The moderate Jeb Bush in 1994:
Bush’s tough brand of conservatism also featured new restrictions for Florida’s welfare recipients. In early 1994, Bush unveiled a welfare reform plan dubbed the “Phoenix Project.” The goal of the project, he later told the Miami Herald, was to “dismantle the welfare state and all the culture that comes from it.”
Under the plan, Florida would refuse to accept federal funds to aid the state’s poor families, and restrict benefits to just two years of assistance. To be eligible for benefits, poor women would be required to “identify the fathers of their children, submit to random drug tests and work if jobs were available,” according to a Herald story from March 1, 1994.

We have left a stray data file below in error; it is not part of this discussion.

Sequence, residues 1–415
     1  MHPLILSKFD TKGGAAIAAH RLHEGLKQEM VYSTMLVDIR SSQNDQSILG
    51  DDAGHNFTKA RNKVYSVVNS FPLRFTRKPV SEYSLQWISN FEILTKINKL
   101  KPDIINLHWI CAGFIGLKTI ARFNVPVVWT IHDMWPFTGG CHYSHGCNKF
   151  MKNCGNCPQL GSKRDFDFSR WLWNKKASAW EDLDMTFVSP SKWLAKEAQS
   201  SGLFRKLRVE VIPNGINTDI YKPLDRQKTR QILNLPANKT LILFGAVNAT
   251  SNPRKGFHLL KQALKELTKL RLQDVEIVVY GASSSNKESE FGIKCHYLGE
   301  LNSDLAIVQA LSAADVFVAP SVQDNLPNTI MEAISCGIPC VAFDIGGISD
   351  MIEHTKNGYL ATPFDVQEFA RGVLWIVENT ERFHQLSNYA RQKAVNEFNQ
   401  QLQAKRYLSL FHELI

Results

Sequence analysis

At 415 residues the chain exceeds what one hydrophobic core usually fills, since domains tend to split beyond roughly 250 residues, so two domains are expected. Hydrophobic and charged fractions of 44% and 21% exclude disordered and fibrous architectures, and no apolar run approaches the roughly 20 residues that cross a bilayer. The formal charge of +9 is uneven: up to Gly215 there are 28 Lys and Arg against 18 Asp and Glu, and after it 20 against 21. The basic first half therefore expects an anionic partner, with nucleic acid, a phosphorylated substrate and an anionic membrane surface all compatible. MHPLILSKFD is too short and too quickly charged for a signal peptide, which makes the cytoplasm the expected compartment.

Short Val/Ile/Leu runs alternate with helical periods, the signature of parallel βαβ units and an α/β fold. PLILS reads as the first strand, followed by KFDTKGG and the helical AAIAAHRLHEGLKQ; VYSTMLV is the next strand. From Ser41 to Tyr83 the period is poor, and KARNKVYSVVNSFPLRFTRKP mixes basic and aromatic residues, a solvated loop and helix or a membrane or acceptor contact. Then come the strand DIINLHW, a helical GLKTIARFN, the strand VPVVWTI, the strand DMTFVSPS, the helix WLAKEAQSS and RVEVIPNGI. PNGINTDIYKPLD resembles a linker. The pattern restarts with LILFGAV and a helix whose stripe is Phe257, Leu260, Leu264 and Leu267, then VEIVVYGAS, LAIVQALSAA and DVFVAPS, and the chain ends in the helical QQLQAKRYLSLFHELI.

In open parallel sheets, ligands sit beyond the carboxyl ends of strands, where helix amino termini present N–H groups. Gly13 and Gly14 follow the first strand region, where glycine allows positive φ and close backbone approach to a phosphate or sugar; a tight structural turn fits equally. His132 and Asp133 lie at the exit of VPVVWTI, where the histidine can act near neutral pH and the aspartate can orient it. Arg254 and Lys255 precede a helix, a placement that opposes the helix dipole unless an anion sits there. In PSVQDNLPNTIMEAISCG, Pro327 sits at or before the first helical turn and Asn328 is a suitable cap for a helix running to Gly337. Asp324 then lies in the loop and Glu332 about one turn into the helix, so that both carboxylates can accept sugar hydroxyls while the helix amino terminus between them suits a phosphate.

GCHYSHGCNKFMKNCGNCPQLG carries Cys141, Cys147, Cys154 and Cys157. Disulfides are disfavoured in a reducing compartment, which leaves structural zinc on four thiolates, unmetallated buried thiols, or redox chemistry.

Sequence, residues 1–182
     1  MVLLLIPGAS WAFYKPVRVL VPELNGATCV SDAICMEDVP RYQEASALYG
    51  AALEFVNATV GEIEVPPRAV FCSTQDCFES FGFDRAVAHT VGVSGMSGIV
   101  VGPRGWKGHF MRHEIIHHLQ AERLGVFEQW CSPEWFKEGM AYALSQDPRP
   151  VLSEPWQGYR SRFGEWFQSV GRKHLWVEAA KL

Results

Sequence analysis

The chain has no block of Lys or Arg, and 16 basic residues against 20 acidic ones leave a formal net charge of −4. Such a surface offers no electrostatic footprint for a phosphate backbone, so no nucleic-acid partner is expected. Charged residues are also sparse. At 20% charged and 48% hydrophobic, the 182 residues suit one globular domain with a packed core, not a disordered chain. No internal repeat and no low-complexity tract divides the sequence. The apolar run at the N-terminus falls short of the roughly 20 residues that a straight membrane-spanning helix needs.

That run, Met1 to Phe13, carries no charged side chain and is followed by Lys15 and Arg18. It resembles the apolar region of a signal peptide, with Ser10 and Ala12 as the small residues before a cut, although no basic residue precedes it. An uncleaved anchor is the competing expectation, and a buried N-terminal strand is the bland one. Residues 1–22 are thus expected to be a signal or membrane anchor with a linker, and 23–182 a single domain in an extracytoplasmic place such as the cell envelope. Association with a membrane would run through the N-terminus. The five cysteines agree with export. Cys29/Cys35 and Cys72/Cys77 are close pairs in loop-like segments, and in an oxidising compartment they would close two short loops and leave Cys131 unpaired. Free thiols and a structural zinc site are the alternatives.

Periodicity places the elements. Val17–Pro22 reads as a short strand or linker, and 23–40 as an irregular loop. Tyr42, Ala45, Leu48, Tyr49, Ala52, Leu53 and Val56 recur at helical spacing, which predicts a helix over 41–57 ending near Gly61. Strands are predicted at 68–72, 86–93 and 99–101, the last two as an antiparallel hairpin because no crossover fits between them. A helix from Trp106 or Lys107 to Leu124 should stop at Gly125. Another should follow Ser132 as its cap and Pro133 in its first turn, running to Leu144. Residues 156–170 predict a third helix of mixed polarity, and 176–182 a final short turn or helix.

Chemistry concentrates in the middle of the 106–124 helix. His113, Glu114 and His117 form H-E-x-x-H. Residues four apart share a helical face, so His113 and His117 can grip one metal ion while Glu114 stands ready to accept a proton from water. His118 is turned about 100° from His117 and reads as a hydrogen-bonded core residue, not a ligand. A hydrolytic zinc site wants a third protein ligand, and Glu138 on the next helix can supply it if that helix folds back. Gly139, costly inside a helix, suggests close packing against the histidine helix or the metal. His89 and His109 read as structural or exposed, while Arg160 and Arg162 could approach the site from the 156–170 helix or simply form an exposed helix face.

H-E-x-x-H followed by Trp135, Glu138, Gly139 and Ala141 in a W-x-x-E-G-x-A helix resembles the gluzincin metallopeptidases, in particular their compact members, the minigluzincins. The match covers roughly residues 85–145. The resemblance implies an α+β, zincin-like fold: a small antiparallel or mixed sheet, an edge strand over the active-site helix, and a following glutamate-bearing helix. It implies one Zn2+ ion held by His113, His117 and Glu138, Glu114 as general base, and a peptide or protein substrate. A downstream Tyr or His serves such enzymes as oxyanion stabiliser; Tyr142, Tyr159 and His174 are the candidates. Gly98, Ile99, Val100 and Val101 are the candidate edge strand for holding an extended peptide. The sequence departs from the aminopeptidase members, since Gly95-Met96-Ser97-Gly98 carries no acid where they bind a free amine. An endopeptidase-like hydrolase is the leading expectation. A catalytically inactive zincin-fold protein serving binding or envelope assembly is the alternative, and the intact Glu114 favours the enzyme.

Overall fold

Bush’s welfare plan was an early sign of the sharply conservative tone that would come to characterize his entire campaign. In July, Bush published a now-infamous op-ed arguing against anti-discrimination protections for LGBT people, which he said were tantamount to elevating “sodomy.”
Except for the sodomy line, which was common in the mid 2000s if you hung out with Rick Santorum, please name one thing different from the 2014 edition of the GOP. I remember the 1994 campaign. Lawton Chiles’ victory surprised people in the year of the Gingrich Revolution, in part because Bush espoused Reaganism with the flair of a hearse chauffeur. And I’ll repeat, once Floridians elected him twice as governor, “Terri Schiavo, Terri Schiavo, Terri Schiavo.”